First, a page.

Klaasen earned an early break with a forehand volley to open up a 3-1 lead. Venus and Klaasen dropped just four points on serve and did not face a break point. Venus held serve at 5-3 to close out the opening set 6-3 after 32 minutes.

Both teams held serve until the ninth game, when Venus got the first break at 4-4 with a half-volley winner, when Melo was serving on a deciding point. Kubot and Melo fended off two match points in the next game to force a deciding point and got their first break point of the match.

Venus sealed the win after 71 minutes with a big serve on their third match point in the 10th game. Klaasen and Venus won 86 % of their serve points.

US players Rajeev Ram and Joe Salisbury scored their first win in the Group Jonas Bjorkman at the Nitto ATP Finals, when they beat Ivan Dodig and Filip Polasek 3-6 6-3 10-6 in the Match Tie-Break. The US team improved their ranking to 1-1.

Dodig and Polasek earned the first break in the fourth game of the opening set to open up a 3-1 lead. They saved four consecutive break points in the ninth game, when they were serving for the first set at 5-3. Dodig and Polasek sealed the first set with a service winner after 33 minutes.

Ram and Salisbury did not convert break points in the most crucial moments of the first set. Ram and Salisbury earned their only break in the sixth game to take a 4-2 lead and did not face a single break point to win the second set 6-3 forcing the match to the third set.

Ram and Salisbury opened up a 3-0 lead with an early mini-break in the Match tie-break. Dodig and Polasek rallied to draw level to 5-5. Ram and Salisbury sealed the win on the first match point, when Polasek hit a backhand volley into the net at 9-6.

Dodig and Polasek, who won two titles in Cincinnati and Beijing, lost to Lukasz Kubot and Marcelo Melo 10-5 in the Match Tie-Break in last Saturday’s first match.

 

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ATP Finals 2019 Day 3 Preview: A Must-Win Match Beckons For Roger Federer

Novak Djokovic plays Dominic Thiem for a commanding lead in the Bjorn Born Group, while Roger Federer faces Matteo Berrettini to stay out of last place.

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Djokovic completely dominated Berrettini on Sunday, allowing the debuting Italian just three games.  Matteo will likely need a win today to have any reasonable chance to advance to the semifinals. If advancement comes down to a tiebreak, he currently has no sets won and an extremely low percentage of games won.  With Federer’s 7-5, 7-5 loss to Thiem on Sunday, his situation is slightly less dire than Berrettini’s. But a loss today would make’s Roger’s likelihood of advancing extremely slim, especially with a match against Djokovic looming on Thursday.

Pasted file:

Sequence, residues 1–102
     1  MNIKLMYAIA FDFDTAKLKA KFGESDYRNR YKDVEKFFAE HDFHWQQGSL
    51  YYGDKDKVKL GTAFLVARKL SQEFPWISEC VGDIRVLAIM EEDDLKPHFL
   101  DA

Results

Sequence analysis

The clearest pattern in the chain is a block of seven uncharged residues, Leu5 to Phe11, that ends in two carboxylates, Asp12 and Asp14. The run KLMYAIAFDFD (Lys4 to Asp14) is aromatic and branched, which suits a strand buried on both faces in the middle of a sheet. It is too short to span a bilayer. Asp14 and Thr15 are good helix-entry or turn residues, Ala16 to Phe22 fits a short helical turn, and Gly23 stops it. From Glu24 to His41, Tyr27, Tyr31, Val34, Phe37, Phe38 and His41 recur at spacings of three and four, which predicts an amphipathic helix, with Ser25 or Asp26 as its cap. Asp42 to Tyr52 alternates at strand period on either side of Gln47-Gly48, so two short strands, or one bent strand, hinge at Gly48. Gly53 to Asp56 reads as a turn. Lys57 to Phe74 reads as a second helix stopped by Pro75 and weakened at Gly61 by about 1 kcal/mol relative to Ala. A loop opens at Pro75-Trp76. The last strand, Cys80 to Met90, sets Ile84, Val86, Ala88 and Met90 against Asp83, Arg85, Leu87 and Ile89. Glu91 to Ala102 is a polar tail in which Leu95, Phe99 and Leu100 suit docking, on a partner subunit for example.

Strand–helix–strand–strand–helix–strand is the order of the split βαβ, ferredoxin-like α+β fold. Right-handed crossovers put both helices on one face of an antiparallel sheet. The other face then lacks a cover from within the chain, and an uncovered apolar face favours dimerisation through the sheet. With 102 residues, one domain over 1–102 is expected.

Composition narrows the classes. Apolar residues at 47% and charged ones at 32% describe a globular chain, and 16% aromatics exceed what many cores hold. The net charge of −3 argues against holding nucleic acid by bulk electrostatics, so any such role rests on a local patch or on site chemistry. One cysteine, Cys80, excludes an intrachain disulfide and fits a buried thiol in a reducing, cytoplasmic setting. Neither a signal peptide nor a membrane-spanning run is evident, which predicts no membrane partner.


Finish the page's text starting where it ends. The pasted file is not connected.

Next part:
Roger Federer (3) vs. Matteo Berrettini (8)

Their only previous meeting was four months ago in this same city.  On Manic Monday at Wimbledon, Federer crushed Berrettini 6-1, 6-2, 6-2 in just 74 minutes.  Matteo was open about how disappointing his performance was that day, as he was overwhelmed by playing the 20-time Major champion on Centre Court.  However, it’s worth noting Berrettini had played a dramatic five-set match just 48 hours prior where he saved match points to come back and defeat Diego Schwartzman.  Matteo should be much fresher for the rematch today, but will he again be overwhelmed by the occasion? The beating he sustained at the hands of Djokovic two days ago will not inspire much confidence.  And he’s facing a man who has only once failed to advance to the semifinals of this event in 16 career appearances. It would be quite surprising if Federer failed to prevail today.

Novak Djokovic (2) vs. Dominic Thiem (5)

The last time these two men faced off was in the semifinals of this year’s Roland Garros.  That match began on an absurdly-windy Friday in Paris, conditions Thiem handled much better than Djokovic.  Their match would take two days to complete, with Dominic taking it 7-5 in the fifth, ending Novak’s campaign to win his fourth consecutive Major.  Overall however Djokovic leads their head-to-head 6-3. Novak is 3-0 on hard courts, though they haven’t played on this surface since this event three years ago, when Djokovic won in three.  Thiem was impressive in taking it to Federer on Sunday, and Dominic’s hard court skills have drastically improved over the past two seasons. But on an indoor hard court, Djokovic remains a considerable favorite to be the only undefeated player in the Bjorn Borg Group by the end of play Tuesday.